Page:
Because of an editing error, an item on the front page yesterday included an incorrect revenue figure for a Senate bill. The Senate voted for $9 billion in tax increases as part of a $26 billion package of deficit reductions. (Published 12/12/87)

The stubborn U.S. merchandise trade deficit soared to a record $17.6 billion in October, a 25 percent increase over the September mark, as foreign products poured into American stores despite a lower dollar that was expected to turn the trade imbalance around, the government reported yesterday.

The increase in the trade figures, which surprised Wall Street forecasters and government officials alike, immediately sent the dollar spiraling to new lows in New York and London currency markets.

An initial panic over the trade figures sent stock prices plunging in London and in early trading in New York, where the Dow Jones industrial average on the New York Stock Exchange dropped as low as 50 points below Wednesday's closing figure. Stocks recovered their losses by midday, only to plummet again in the afternoon in a wave of selling triggered by computerized trading programs, reflecting what traders said was the market's deep confusion and anxiety. The Dow average was down 47.08 points at the end of trading yesterday. {Details, Page D8.}

As part of an administration-congressional effort to calm world financial markets, the Senate early this morning voted to raise revenues by $26 billion on the way to cutting the 1988 budget deficit by more than $30 billion. {Details, Page A16.}

"Between now and year end, if anybody tells you they can give you a strategy, you're talking to the wrong person," said Philip Cannistraro, executive vice president of Amivest Corp. in New York. "There is no strategy."

Administration officials tried to put the best face on the trade figures, which U.S. Trade Representative Clayton K. Yeutter called "disappointing, but not a cause for undue alarm."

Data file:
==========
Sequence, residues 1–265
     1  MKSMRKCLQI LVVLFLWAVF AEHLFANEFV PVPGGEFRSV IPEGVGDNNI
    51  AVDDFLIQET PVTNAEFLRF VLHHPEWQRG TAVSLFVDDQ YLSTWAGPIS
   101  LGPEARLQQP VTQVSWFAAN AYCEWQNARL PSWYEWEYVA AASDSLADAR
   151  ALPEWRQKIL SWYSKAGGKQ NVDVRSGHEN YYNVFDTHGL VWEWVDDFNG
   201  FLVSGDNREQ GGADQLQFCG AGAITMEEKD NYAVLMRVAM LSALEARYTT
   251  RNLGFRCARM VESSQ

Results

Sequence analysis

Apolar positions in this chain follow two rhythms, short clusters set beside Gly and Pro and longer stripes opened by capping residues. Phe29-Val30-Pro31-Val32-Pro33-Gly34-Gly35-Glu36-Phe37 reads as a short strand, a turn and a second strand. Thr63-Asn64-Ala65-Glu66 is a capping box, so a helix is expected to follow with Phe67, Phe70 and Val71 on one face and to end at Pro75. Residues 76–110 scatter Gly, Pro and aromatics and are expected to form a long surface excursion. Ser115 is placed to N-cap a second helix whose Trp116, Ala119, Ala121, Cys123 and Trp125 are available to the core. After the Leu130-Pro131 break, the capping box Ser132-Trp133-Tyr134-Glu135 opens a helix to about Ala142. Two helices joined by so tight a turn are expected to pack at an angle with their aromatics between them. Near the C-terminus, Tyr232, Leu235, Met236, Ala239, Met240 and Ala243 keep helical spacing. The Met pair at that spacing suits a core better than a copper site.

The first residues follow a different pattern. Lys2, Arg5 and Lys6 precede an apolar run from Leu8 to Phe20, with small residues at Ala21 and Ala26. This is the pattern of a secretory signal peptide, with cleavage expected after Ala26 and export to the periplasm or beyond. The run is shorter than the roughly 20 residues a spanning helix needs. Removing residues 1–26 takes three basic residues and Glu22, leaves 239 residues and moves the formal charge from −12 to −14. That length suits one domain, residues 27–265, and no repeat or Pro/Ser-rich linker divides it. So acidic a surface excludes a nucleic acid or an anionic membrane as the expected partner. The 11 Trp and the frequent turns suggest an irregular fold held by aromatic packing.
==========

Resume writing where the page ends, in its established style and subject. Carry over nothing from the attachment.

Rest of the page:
Nonetheless, the high October figure paints a dismal picture for a year that was supposed to show a recovery after four years of record trade deficits. Earlier this year, Treasury Secretary James A. Baker III had predicted a $20 billion to $30 billion improvement over 1986's record $156 billion deficit.

Instead, it appears that 1987 will show another record trade deficit as the total for January through October stands only $10 billion less than the deficit for all of last year.

On Capitol Hill, the deteriorating trade figures appeared likely to intensify pressure on Congress to pass a trade bill early next year and speed adoption of the two-year $76 billion budget deficit reduction package under consideration in the Senate. "There's only one real policy for us to follow, and that's real deficit reduction," said Senate Budget Committee Chairman Lawton Chiles (D-Fla.).

House Speaker Jim Wright (D-Tex.) said the poor trade performance underscored the need to make a trade bill Congress' top priority next year. "The worsening trade figures and the declining dollar raise the specter of ... a sunset economy for America," he said.

Congressional interest in a trade bill appeared to have lessened in the aftermath of the stock market collapse of "Black Monday," Oct. 19, which forced congressional leaders and the White House into closer cooperation. But William T. Archey, international vice president of the U.S. Chamber of Commerce, predicted "a revitalization" of the congressional push for a trade bill.

Most analysts had expected the trade deficit to increase slightly from September's $14.1 billion level. Alan Sinai, chief economist of Shearson Lehman Bros., forecast that the deficit would reach $15 billion because of higher imports. Instead, it soared $3.5 billion above the previous month's figure to $17.6 billion, the highest mark since July, when the trade deficit reached $37.5 billion.

The problem was a surge of imports, which jumped by $4.3 billion to $39.4 billion in October. Paradoxically, that increase was blamed by government and private analysts on the sinking dollar that Reagan administration strategists had counted on to lower the trade deficit. The dollar has fallen about 50 percent against most major currencies over the past 33 months, which makes U.S. products less expensive, and therefore more competitive, both in competition with imports and in overseas markets.